Animal-assisted therapy (AAT) has been around for some time now, but we are only recently (in the last 10 years or so) seeing it branch out to document illnesses such as anxiety that are common after a traumatic brain injury (TBI) or spinal cord injury (SCI). This therapy involves the use of a trained animal to assist and comfort the patient. The most common animals used are dogs, but there have been cases of monkeys, cats, horses, fish, birds, dolphins and even cows.
Animal therapy trials have been done on patients with anxiety, paralysis, dementia, depression, hospice needs, in correction facilities and more. For those with a SCI that limits their mobility, animal interaction has been found to alleviate feelings of loneliness and isolation, both of which are often noted results if a SCI. According to a 2000 study in theJournal of Psychosomatic Research neurochemicals associated with a decrease in blood pressure increased after positive interactions between humans and dogs, another benefit in a situation that can cause a great deal of stress for the recovering patient. In addition, organizations such as the Delta Society have done their own research on the benefits of human/animal interaction as well as compiled a list of articles that substantiate this idea.
Another pet-positive article describes the link between coping with change and transition and having a pet. Learning to live with a disability such as caused by a TBI or SCI is a traumatic and often overwhelming process. The authors found that within six months of receiving a service dog participants demonstrated an increase in self-esteem, psychological well-being, community integration and also a 70 percent decrease in home aide needs. That’s a pretty significant finding.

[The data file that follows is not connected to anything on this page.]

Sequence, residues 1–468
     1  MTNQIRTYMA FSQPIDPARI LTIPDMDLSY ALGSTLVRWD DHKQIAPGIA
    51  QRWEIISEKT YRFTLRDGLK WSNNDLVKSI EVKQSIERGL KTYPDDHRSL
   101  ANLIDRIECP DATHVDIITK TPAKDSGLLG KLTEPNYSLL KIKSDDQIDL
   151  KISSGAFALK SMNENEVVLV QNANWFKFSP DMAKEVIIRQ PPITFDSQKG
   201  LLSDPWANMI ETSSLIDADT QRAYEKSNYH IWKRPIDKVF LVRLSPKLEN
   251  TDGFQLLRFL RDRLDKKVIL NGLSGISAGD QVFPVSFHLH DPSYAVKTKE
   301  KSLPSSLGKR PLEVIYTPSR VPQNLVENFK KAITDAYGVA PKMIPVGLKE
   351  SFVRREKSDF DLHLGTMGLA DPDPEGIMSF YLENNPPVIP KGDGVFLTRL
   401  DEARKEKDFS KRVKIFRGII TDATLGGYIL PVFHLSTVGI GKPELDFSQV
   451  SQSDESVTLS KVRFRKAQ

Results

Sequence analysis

Offering a counter-view, the Handbook on Animal-Assisted Therapy quotes a handful of studies (pg. 41) that speculate on other reasons for the benefits, such as increased exercise or socializing through walking a dog. Aubrey H. Fine, the author, goes on to point out how few of the studies performed can be concretely validated. To create a proper study, those receiving AAT would need to be taken off of any medication while a placebo group would have to be created. How can you manufacture a placebo for a pet’s affection? Fine makes a good point, but as many will attest to with or without studies offering proof, animals have added value to numerous lives. If you have pet therapy experiences to share, we would enjoy hearing about them!